MIC mulls guide­lines to by­pass min­istry ap­proval

The Myanmar Times - - Front Page - SU PHYO WIN su­phy­owin@mm­times.com

The Myan­mar In­vest­ment Com­mis­sion is hop­ing clear guide­lines will re­move the need for for­eign in­vestors to seek line min­istry ap­proval for many projects.

THE Myan­mar In­vest­ment Com­mis­sion (MIC) is work­ing on guide­lines that would al­low for­eign in­vestors to avoid the time-con­sum­ing process of ask­ing govern­ment min­istries for per­mis­sion un­der the new Myan­mar In­vest­ment Law.

Re­ceiv­ing a green light from line min­istries is al­ready a “big bar­rier” for in­vestors in Myan­mar, whereas deal­ing di­rectly with MIC takes much less time, said U Aung Naing Oo, di­rec­tor gen­eral of the Di­rec­torate for In­vest­ment and Com­pany Ad­min­is­tra­tion.

U Aung Naing Oo was speak­ing on the side­lines of a Euro­pean Cham­ber of Com­merce event last week to launch a new guide to do­ing busi­ness in Myan­mar.

He said that the MIC is in con­sul­ta­tion with dif­fer­ent min­istries to draw up clear guide­lines for in­ter­na­tional in­vestors that will avoid them hav­ing to ask line min­istries for per­mis­sion. The guide­lines will spec­ify which busi­ness ar­eas are off-lim­its, re­quire joint ven­tures or are open to full for­eign in­vest­ment, he said.

The long-awaited in­vest­ment law passed both houses of par­lia­ment in Oc­to­ber, and will come into force next year. In an ef­fort to stream­line for­eign in­vest­ment the law cre­ates a sim­pli­fied ver­sion of the MIC per­mit called an ap­proval order, which is avail­able for smaller non-strate­gic projects.

But according to the law, in­vest­ments need­ing only an ap­proval order will re­quire per­mis­sion or a li­cence from the rel­e­vant govern­ment agency.

This could make it harder for the MIC to “play its role as fa­cil­i­ta­tor and pro­moter of for­eign in­vest­ment if an in­vestor can­not even get to the MIC with­out first se­cur­ing line min­istry ap­proval”, said law firm VDB Loi.

If the MIC’s pro­posed guide­lines are put in place, how­ever, there will be no such re­quire­ment, said U Aung Naing Oo.

“Ev­ery [in­vest­ment area] will be put in a list, so that once the in­vest­ment pro­posal reaches the MIC of­fice the com­mis­sion can look at the list and de­cide,” he said. “We won’t [have to] seek con­sent or com­ment from the line min­istries, which is a big prob­lem for in­vestors in Myan­mar.”

U Wai Phyo, vice pres­i­dent of the Union of Myan­mar Fed­er­a­tion of Chambers of Com­merce and In­dus­try, said that re­mov­ing the need for con­sent or com­ment from line min­istries would save time and make things more ef­fi­cient.

“In the old in­vest­ment law there were busi­nesses that can only be per­mit­ted by line min­istries, so we need to wait and see what will be changed in the new law as the de­tailed rules have not been re­leased,” he said. “Though it might save time [to re­move line min­istry ap­proval] we need to have some checks and bal­ances. Be­ing fast isn’t al­ways good.”

Work is un­der way on draft­ing de­tailed rules and reg­u­la­tions to ac­com­pany the new law, which will be com­pleted by the end of Jan­uary, said U Aung Naing Oo. There are likely to re­main some sec­tors where govern­ment ap­proval is nec­es­sary, he added.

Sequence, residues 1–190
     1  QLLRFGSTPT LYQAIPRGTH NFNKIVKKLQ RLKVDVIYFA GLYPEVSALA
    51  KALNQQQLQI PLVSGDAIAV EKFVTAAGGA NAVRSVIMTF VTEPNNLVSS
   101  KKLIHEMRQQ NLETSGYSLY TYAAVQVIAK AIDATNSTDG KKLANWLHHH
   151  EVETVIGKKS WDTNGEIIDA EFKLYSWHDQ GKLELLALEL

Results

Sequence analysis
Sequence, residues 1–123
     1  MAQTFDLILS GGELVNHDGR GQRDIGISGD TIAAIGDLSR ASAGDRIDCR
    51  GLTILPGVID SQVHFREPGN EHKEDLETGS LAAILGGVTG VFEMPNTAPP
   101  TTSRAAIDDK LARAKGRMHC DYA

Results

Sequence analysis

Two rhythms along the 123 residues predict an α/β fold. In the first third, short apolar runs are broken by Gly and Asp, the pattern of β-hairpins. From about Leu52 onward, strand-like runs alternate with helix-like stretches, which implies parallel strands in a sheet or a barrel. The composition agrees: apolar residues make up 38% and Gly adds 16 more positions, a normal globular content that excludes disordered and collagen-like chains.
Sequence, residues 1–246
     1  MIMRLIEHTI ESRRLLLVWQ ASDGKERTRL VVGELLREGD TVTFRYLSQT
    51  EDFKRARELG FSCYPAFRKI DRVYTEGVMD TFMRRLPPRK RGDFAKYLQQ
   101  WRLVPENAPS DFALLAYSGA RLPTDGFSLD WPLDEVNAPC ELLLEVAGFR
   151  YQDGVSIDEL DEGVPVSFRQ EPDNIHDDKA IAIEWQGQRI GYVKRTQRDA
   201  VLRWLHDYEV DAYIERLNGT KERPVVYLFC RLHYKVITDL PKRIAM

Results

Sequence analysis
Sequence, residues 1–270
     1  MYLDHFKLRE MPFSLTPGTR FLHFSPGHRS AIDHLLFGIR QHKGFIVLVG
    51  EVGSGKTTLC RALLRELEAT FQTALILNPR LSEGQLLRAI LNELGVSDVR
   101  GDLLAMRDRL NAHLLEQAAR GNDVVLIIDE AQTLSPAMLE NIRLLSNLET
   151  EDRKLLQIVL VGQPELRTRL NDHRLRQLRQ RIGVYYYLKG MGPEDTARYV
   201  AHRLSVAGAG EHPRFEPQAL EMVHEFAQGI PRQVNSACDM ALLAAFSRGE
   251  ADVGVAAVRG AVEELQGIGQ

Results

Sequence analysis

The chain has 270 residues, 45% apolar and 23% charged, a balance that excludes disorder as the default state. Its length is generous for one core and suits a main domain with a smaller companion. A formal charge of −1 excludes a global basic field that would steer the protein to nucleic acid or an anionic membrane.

“Some cer­tain busi­nesses like min­ing or oil and gas may still need line min­istry ap­proval [un­der the pro­posed guide­lines],” he said. “But reg­u­lar busi­nesses would not. How­ever, this has not been de­cided yet.”

Dur­ing a con­sul­ta­tion with govern­ment min­istries in Nay Pyi Taw last week, there was broad agree­ment to lib­er­alise some of the ex­ist­ing re­stric­tions min­istries have put on for­eign in­vest­ment in their re­spec­tive sec­tors, U Aung Naing Oo said.

“We had a very good dis­cus­sion with the Min­istry of Com­merce,” he said. “We asked them to lib­er­alise some of their re­stric­tions and we all agreed.”

U Ye Min Oo, a mem­ber of the Na­tional League for Democ­racy’s Eco­nomic Com­mit­tee, said that in some cases govern­ment min­istries would be bet­ter placed to com­ment on for­eign in­vest­ment. But a faster per­mit and ap­proval sys­tem would be pos­i­tive, he said.

An­other im­por­tant change to the ap­proval sys­tem is that for smaller in­vest­ments – un­der US$5 mil­lion – state and re­gional gov­ern­ments will be able to give the green light, said U Aung Naing Oo. Any­thing larger would fall un­der the MIC’s re­mit.

U Ye Min Oo said that the de­cen­tral­i­sa­tion was a useful step, which gave lo­cal au­thor­i­ties with greater knowl­edge of lo­cal con­di­tions more power in di­rect­ing in­vest­ment.

U Aung Naing Oo, how­ever, is con­cerned about the de­cen­tral­i­sa­tion of de­ci­sion-mak­ing to states and re­gions will work in prac­tice.

“De­cen­tral­i­sa­tion is there to stream­line pro­ce­dures for the in­vestors, but I am not sure whether the state and re­gional gov­ern­ments are ready or have suf­fi­cient ca­pac­ity to im­ple­ment the new law,” he said. “That could cre­ate prob­lems for in­vestors, so I ad­vised my su­pe­ri­ors that we must have a stan­dard op­er­at­ing pro­ce­dure for all states and re­gions so that they can eas­ily fol­low the guide­lines.”

This op­er­at­ing pro­ce­dure is be­ing drafted along­side the rules and reg­u­la­tions that will ac­com­pany the new law, he added. But there are still likely to be chal­lenges and dif­fi­cul­ties given the pro­ce­dures are new, he added.

“If you look at the last 30 years the MIC used to want to screen ev­ery­thing,” he said. “This is a 180 de­gree turn, so the de­cen­tral­i­sa­tion and lib­er­al­i­sa­tion is go­ing to have some im­pact on the MIC.”

‘I am not sure whether the state and re­gional gov­ern­ments are ready.’

U Aung Naing Oo DICA di­rec­tor gen­eral

Photo: Kaung Htet

The au­thor­i­ties are con­sid­er­ing pro­mot­ing for­eign in­vest­ment in health­care.

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